Artxanda Funicular, an unusual means of transport was built in 1913 by the Swiss company Von Roy and opened in 1915. Its activity was interrupted, however, during the Civil War. The present installations were opened in 1983 and the old wooden carriages were replaced with metal ones with a capacity of 70 people. The 3 minute trip, with a climb of 226 meters, allows the passenger to contemplate the beautiful city panorama, as well as to enjoy one of the most frequented recreational sites in Bilbao.
Opened in 1892, the building that houses Bilbao's city council is the work of the architect Joaquin Rucoba, who also built the Arriaga Theatre. Among its principal features is a main exterior wall lavishly decorated in the Baroque style. The busts and statues adorning the Ayuntamiento de Bilbao are of illustrious personages of the Bilbao social scene. It was built upon the ruins of the old San Agustin convent. Climbing the exterior steps and entering the building, the first thing that stands out is the central staircase which meets with the most attention-grabbing spot in the town hall: the beautiful and singular Arab salon or reception area. This is a place of unusual beauty in which the main public evens take place. The town hall's interior can be visited during the mornings all week at no charge. The most important features can be seen through a half hour guided tour. Check website for more details.
Narrow winding streets, small squares and neighborhoods comprise this charming district that buzzes with activity every day of the year. As the heart of the old town, this area dates back to 1300 and in 1972 was recognized in statute as having great historical and cultural importance. After the disastrous floods in 1983 much of the district was rebuilt and improved. The Plaza Nueva, Plaza Miguel de Unamuno and Santiago Cathedral are particularly deserving of a visit, as are the many independently-owned boutiques that offer shoppers a wealth of choices.
Located at the Euskalduna Shipyard docks, the Museo Marítimo Ría de Bilbao boasts of a huge collection of nautical artifacts and objects. Spread across two floors, the museum's astounding collection showcases the traces and memorabilia belonging to the maritime activities. A tour across the museum will enlighten you on the nautical history and social and economic development of the people associated with the maritime. The museum dock also has an amazing display of various models of ships. With abundance of interesting facts and legacies to explore, this place is truly a delight for the inquisitive minds as well as for the general public as a whole.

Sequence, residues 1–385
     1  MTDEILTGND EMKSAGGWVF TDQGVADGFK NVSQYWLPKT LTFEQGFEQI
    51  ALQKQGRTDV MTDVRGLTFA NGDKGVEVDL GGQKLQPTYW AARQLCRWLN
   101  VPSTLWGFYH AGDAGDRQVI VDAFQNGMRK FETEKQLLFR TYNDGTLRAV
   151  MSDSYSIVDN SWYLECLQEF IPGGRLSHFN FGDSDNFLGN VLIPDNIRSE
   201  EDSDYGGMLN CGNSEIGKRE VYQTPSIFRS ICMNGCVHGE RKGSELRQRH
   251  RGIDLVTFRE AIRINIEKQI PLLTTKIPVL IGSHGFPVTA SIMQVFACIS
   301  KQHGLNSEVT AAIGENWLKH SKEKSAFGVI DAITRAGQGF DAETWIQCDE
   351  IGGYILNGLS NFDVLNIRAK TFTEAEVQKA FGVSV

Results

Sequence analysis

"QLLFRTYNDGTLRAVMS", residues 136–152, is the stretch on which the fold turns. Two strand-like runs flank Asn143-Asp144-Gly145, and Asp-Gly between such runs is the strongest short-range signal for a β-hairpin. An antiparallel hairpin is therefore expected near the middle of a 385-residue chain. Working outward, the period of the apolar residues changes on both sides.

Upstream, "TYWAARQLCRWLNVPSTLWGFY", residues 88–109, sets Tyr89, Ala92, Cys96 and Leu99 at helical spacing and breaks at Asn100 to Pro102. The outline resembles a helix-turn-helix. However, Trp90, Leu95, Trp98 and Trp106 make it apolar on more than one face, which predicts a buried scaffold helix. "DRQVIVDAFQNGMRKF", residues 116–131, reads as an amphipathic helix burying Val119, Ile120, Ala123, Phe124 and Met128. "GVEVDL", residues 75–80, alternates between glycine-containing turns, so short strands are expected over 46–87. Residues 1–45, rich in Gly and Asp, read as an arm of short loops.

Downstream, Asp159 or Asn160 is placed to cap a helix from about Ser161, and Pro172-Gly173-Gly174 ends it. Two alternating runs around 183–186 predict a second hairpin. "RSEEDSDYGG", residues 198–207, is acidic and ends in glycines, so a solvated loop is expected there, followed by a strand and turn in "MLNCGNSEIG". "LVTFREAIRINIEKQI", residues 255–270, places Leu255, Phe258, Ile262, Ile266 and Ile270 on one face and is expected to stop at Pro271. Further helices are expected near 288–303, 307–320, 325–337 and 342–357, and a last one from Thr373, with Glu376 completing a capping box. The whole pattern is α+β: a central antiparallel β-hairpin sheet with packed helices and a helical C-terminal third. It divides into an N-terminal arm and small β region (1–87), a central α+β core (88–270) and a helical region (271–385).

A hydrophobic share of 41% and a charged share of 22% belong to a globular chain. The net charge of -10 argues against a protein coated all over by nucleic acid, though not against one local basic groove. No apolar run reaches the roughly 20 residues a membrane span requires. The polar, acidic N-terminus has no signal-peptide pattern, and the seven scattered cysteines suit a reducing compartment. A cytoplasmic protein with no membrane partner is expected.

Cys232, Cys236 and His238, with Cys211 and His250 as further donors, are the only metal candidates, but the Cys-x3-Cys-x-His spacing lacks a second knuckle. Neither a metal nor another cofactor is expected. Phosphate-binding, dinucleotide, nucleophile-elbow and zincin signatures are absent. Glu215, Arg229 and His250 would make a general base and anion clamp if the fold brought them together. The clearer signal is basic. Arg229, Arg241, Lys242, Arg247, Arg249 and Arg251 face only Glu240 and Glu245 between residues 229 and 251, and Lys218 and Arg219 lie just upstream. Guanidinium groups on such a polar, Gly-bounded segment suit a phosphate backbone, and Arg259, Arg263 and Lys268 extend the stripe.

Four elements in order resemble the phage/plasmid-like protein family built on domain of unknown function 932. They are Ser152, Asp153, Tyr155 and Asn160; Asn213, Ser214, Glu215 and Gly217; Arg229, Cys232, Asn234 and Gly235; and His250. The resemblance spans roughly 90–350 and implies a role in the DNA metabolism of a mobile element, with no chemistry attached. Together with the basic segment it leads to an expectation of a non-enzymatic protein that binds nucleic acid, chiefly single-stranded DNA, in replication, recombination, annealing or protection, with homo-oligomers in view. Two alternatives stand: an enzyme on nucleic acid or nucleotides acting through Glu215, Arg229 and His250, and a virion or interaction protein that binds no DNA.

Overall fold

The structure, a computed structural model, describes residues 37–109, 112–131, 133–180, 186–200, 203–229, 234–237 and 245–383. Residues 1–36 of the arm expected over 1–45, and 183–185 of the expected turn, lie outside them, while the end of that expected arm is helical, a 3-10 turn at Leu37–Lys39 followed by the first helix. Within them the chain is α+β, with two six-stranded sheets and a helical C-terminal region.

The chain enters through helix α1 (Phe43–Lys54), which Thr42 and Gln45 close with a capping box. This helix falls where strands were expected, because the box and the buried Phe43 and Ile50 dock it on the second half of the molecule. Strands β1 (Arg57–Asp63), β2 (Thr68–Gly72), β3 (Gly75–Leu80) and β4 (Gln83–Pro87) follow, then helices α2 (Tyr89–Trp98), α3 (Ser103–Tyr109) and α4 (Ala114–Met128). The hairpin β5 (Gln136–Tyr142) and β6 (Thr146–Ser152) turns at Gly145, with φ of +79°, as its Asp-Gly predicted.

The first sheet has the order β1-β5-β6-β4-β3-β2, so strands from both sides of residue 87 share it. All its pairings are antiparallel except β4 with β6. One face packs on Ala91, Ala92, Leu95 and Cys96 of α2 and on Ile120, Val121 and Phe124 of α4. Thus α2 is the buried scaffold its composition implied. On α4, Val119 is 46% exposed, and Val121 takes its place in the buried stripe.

This Museo Taurino was inaugurated in 1995 in the most appropriate place: the Vista Alegre Bullring. The permanent collection is a great way to find out about the most important eras and events in bullfighting history in Bilbao and Vizcaya, as well. They have on display, a great selection of bullfighting outfits, capes, swords and other tools used by famous matadors. The most famous bulls are also remembered here with their mounted heads. There's also a wonderful display of bullfighting posters for corridas held in Bilbao, many of them from the 19th Century. Besides visiting the museum, you can also stop by the bullring itself, the chapel, the bullfighters' locker room, the corral and other areas, all with a guided tour.
A good way to get to know a community is buy investigating its roots. The Museo Vasco, commonly known as the Basque Museum, is the right place for this endeavor. The permanent collection is dedicated to Prehistoric times and Archaeology in Vizcaya province and the Ethnography and History of the Basque Country. In the Pre-History section, special emphasis is placed on the ancient world of trade, old tools, early fabric-weaving, ceramics, weapon making and furniture. The Basque Sea hall is livened up by fun sound effects: shrill seagulls and furious waves. The Pastoral Culture hall, with bleating sheep and clanging cowbells in the background, will take you back in time. Finally, the Consulate hall, has an incredible model of the entire Vizcaya region. The museum also organizes temporary exhibits. In the shop you will find books, traditional Basque music and reproductions of items. Check website for more details.